Image: BYD Seagull production, courtesy of BYD.

USA Pulls Mexico Into Its Anti-Chinese EVs Policies

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There’s no doubt about it: China saw that the future of the car market was electric and zoomed far into lead. It has accounted for more than half of global electric car sales, and aside from Tesla, the biggest electric car producers in the world are Chinese. Despite being late to the party — and many in the country still trying to prevent or slow adoption — the US is now trying to block Chinese electric cars from coming into the US and taking market share from established legacy automakers. There are currently very high tariffs on any Chinese EV imports (27.5%), and certain lawmakers are pushing for even higher tariffs!

I do see both arguments on this: 1) On the one hand, blocking good electric car options is not good for consumers, not good for the EV revolution, and not good for stopping climate change. If the US can’t be more competitive, that doesn’t mean it should penalize competitive electric car options from China. 2) On the other hand, if Chinese automakers are indeed unfairly subsidized by the Chinese government, then “dumping” them in the US and other markets is in violation of international trade rules and anti-free market.

Whatever your opinion on these matters is, the reality of the day is clear: the US is trying to block Chinese EVs. In Mexico, it’s been a different story. Like in South America, Africa, and other parts of Asia, Chinese EVs — most notably from BYD — have started entering the market. Also, BYD has been planning to open a factory in Mexico. First of all, this is a great way for the company to enter the market strongly and try to take a good chunk of a large auto market. Secondly, many have seen it as a way for BYD to potentially find a backdoor way into the US. But … not so fast.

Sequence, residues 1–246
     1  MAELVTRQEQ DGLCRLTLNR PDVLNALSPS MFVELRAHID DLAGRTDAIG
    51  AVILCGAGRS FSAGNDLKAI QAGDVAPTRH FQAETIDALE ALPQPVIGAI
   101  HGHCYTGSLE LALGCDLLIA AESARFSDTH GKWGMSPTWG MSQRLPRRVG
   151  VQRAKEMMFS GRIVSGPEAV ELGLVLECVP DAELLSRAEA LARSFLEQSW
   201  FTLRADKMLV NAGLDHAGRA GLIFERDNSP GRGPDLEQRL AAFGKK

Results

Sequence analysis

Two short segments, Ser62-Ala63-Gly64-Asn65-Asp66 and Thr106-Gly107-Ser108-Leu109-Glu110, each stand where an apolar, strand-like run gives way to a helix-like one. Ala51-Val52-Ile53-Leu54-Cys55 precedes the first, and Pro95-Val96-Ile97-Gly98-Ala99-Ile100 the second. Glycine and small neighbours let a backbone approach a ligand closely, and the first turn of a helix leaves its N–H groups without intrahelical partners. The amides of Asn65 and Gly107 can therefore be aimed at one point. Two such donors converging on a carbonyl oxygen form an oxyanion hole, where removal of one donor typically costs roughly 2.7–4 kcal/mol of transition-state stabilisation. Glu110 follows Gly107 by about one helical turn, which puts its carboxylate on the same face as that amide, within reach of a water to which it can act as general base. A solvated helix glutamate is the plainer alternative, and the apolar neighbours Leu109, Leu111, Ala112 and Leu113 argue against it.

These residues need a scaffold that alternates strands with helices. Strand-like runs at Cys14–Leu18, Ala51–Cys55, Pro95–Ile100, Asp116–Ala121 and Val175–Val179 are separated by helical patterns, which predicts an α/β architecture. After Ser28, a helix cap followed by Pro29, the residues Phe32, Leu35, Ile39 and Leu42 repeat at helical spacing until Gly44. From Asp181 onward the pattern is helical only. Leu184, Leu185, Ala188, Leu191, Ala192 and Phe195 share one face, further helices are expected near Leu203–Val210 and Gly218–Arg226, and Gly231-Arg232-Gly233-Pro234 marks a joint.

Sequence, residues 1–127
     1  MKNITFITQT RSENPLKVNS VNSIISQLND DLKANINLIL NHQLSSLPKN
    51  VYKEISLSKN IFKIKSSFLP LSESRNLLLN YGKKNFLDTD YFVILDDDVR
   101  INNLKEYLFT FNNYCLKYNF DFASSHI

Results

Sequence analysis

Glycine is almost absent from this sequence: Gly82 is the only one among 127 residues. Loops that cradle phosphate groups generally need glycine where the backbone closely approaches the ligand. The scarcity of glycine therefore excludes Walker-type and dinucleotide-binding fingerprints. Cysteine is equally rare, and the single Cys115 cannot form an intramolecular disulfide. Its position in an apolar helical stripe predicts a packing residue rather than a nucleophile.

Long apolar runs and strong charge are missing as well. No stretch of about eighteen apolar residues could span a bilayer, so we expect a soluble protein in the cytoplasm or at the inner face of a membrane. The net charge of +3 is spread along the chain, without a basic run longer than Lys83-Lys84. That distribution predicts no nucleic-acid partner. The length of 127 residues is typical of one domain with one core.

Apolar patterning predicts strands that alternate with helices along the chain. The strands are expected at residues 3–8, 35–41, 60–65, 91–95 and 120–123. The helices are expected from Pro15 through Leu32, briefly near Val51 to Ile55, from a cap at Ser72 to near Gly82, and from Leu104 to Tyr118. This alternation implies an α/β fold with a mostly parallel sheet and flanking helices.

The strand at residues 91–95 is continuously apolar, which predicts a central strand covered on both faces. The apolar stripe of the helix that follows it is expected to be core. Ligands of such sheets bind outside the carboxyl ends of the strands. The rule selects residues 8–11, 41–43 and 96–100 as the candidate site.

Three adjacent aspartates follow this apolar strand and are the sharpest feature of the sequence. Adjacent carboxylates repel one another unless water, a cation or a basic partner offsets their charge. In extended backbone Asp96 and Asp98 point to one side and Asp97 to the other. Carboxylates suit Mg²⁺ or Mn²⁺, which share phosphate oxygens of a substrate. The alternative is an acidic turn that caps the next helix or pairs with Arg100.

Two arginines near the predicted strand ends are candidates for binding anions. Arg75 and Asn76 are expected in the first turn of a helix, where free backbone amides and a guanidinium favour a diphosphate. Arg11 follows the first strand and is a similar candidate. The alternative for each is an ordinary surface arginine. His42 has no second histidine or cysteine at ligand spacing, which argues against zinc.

Reuters is reporting that BYD executives met with Mexico government officials in January and are not being given access to do so again, while the government is refusing to provide standard incentives for a factory like cheap land or tax incentives. Reuters says this information is coming from “Mexico officials familiar with the matter.”

This is perhaps the most surprising side of all of this: about 20 different Chinese automaker sell cars in Mexico, accounting for about a third of the brand offerings in the country! Nonetheless, not a single Chinese automaker has a factory there.

According to the sources, Reuters says that Mexico is blocking Chinese EV production because of pressure from the US. The US is too concerned about Chinese EV production in the NAFTA free trade zone, where they’d be exempt from the aforementioned tariffs on Chinese EVs, and Mexico is conceding.

Is it fair? Are the concerns legit? Is blocking Chinese EVs truly a net positive for Americans and the world? It’s quite a complicated discussion.

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Zachary Shahan

Zach is tryin' to help society help itself one word at a time. He spends most of his time here on CleanTechnica as its director, chief editor, and CEO. Zach is recognized globally as an electric vehicle, solar energy, and energy storage expert. He has presented about cleantech at conferences in India, the UAE, Ukraine, Poland, Germany, the Netherlands, the USA, Canada, and Curaçao. Zach has long-term investments in Tesla [TSLA], NIO [NIO], Xpeng [XPEV], Ford [F], ChargePoint [CHPT], Amazon [AMZN], Piedmont Lithium [PLL], Lithium Americas [LAC], Albemarle Corporation [ALB], Nouveau Monde Graphite [NMGRF], Talon Metals [TLOFF], Arclight Clean Transition Corp [ACTC], and Starbucks [SBUX]. But he does not offer (explicitly or implicitly) investment advice of any sort.

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